Properties of Equal Product Cline s
Properties of iso-product curves arc the same as those of indifference curves. Their properties can also be proved in the same manner as in the case of indifference curves. (See the relevant diagrams pp. 54- 56). The following arc the mispronunciations of iso product curves:
(i) Downwards Iso-product curves slope downwards from left to right. This is so because if the quantity of a factor X is increased, the quantity of factor Y must be decreased so as to maintain the same level of output.
ln the figure 19.4 on y-axis, K (capital) and x-axis ‘L’ (Labour) IS quarts are negative sloping that means as the increase in one more unit-of ‘L’ than we have to decrease certain amount of capital (K). Due to this the iso-quant curve slopes down word from left to right. In other words it has a negative slope. lso-product curves are convex to

the origin. This is due to the fact that marginal rate of technical substitution falls as more and of X i~ substituted for Y. Iso-product CUIVC~ being concave would mean that the marginal rate If technical substitution of X lo Y increases a~ more and morc or X is substituted for Y. But increasing marginal rate of technical substitution is not realistic. As explained above owing to the operation of the law of diminishing returns, the marginal rate of technical substitution falls as more and more substitution takes place. MRTS = Marginal Role of Technical Substitution In the diagram it is clear that as the increase in unit of labour than we have to reduce the unit of capital. Initially more and more capital than is less and less capital substituted for each unit of labour. This gives us a ‘convex’. ISO quant curve. Thus. it is the diminishing marginal rate of substitution which is a realistic phenomenon and due to which the iso-product curves are convex to the origin However, there are two exceptions to the rule that equal product curves are convex to the origin: (n) Perfect Substituted. When the factors of production are perfect substitutes. then one factor can completely take the place of the other. They may, in fact, be regarded as one factor. In their case, the marginal rate of technical substitution is constant. Hence, the equal product curves will be a horizontal straight line instead of being convex to the origin. (b) Complem nl s, The complementary factors are those which are jointly used in production in a fixed proportion. If one of these factors is increased, the other must also be increased at the same time, otherwise no additional output win be obtained. In his case, the equal product curves Will be right angled (i.e., one of the two arms being vertical  and the other horizontal) at the combination of the two factors used in fixed proportion.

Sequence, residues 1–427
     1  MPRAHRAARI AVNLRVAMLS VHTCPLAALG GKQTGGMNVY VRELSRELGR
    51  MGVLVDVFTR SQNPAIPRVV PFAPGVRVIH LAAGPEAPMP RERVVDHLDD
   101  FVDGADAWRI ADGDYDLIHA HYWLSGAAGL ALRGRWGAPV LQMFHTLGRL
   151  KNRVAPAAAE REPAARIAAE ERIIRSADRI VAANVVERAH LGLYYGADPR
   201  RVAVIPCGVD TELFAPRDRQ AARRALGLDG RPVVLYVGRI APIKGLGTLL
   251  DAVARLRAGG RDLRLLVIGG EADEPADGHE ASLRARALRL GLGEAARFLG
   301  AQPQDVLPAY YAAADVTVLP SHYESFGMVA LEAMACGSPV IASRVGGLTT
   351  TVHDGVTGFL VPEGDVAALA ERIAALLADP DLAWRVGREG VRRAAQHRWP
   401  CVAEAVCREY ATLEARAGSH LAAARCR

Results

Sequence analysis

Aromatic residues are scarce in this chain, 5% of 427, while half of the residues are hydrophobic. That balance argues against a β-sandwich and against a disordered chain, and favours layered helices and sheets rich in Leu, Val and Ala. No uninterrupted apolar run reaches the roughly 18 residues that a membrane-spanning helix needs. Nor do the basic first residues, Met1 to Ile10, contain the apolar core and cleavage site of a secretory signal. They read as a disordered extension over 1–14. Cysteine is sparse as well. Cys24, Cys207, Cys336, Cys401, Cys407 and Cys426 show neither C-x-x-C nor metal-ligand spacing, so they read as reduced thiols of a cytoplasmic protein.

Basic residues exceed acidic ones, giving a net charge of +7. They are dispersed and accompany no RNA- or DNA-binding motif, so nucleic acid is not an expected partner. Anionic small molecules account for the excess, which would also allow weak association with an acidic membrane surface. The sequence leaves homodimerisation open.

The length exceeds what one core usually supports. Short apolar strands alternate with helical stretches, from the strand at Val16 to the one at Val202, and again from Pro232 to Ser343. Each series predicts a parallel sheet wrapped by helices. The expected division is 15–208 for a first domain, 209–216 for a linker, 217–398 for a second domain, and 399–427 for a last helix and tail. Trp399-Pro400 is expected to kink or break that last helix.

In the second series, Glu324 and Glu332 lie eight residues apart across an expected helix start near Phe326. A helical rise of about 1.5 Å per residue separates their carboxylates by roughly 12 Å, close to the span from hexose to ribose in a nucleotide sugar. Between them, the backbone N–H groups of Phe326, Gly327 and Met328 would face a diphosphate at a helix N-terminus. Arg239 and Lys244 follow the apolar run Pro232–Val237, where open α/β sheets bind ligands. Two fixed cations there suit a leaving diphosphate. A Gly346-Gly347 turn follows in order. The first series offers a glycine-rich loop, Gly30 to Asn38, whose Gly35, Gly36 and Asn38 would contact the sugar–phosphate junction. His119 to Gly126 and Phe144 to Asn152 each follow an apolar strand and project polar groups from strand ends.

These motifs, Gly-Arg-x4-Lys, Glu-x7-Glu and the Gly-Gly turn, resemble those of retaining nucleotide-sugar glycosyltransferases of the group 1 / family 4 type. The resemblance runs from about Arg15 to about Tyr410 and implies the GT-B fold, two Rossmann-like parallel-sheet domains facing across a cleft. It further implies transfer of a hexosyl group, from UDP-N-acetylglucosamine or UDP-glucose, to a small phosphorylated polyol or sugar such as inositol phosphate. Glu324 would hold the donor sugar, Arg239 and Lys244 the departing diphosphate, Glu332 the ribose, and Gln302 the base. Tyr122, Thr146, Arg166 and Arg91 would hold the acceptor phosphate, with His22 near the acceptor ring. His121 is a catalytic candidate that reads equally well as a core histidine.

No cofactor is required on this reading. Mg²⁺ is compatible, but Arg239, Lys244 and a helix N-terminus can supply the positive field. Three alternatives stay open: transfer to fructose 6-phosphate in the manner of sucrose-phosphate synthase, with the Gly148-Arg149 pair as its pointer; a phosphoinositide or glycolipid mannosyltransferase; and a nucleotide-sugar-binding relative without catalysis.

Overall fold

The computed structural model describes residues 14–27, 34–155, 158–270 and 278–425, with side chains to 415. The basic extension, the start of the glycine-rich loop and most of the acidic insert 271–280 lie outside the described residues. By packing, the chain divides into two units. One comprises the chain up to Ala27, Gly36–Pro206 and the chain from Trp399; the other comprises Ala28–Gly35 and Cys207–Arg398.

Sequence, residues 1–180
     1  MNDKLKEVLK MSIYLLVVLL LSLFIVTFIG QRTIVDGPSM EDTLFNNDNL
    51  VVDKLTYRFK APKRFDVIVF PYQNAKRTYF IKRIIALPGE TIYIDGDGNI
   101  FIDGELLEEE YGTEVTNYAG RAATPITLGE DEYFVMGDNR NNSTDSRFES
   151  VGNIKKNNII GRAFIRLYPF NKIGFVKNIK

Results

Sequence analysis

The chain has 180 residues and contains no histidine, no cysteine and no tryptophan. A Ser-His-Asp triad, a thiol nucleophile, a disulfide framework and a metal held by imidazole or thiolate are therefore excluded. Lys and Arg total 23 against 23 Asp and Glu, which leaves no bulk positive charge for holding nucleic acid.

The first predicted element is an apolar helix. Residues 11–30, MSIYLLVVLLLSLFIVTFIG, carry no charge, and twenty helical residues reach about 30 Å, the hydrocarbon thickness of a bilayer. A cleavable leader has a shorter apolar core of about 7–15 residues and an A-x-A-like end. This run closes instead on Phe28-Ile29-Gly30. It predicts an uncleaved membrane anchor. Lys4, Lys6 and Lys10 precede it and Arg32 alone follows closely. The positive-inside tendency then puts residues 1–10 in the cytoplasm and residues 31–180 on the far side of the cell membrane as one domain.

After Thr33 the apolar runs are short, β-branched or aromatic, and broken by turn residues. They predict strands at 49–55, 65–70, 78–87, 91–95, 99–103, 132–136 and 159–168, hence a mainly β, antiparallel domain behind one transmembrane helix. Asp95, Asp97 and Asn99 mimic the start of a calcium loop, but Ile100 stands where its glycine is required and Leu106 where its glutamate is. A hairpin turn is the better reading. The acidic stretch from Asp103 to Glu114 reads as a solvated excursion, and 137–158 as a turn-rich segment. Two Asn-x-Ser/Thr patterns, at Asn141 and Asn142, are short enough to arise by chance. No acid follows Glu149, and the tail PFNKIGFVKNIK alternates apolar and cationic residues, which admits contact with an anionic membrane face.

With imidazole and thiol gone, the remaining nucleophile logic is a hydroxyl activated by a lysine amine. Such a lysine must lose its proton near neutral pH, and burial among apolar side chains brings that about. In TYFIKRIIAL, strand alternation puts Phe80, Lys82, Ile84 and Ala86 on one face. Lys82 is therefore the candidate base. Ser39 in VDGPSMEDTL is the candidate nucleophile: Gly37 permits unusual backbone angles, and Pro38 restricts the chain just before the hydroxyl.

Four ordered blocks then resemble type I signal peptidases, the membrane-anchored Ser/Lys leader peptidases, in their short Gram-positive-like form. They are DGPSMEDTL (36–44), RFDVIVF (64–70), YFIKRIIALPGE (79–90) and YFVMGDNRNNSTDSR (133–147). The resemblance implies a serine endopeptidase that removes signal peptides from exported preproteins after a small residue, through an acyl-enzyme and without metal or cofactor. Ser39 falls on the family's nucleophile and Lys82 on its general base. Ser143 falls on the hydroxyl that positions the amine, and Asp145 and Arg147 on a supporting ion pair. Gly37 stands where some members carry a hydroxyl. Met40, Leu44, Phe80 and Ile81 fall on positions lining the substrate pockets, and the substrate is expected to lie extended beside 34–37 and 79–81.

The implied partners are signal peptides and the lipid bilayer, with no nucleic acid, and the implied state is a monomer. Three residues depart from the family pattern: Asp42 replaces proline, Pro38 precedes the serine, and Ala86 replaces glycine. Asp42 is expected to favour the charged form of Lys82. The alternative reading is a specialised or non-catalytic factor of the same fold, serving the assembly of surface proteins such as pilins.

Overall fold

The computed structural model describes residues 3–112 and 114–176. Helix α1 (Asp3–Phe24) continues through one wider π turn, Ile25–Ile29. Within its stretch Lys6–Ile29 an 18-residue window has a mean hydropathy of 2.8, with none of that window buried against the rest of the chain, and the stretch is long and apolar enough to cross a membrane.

(iii) N’II’ Two iso-product curves cannot cut each other. If the two iso-product curves. one of 40 units of output and the second of 60 units of output, cut each other, there would be a common combination of factors which will lie on both these curves such as combination C in Fig. 19.4. It would then mean that the same combination C which yields 40 units of output according to one iso-product curve; can produce 60 units according to another iso-product curve. This is absurd. How can the same combination produce two different levels of output, techniques of production being given? (il’) The iso-quants is an oval-sloped curve, As we take the combination of an abundant factor say capital (K) with relatively less factor labor. This indicates that the marginal product vity of the abundant factor say Kis zero and the vice-versa, K” K2′ KJ are tangent to ISo-quant IQI’ IQ 2 & IQJ’ which shows that above this point the productivity of capital is zero. In the same way LI’ L2′ and L.l are tangent to IQI’ IQ 2 and IQJ which indicate beyond this point productivity of labour is zero. When we join KI’ K2′ K) and L” L2′ LJ we get the ridge lines. The ‘Ridge Lines’ are the loans of locus of points of iso-quant where marginal productivity of the concerned factor is zero. The ridge line indicates that the region onside the ridge lines are useless or uneconomic to the producer.

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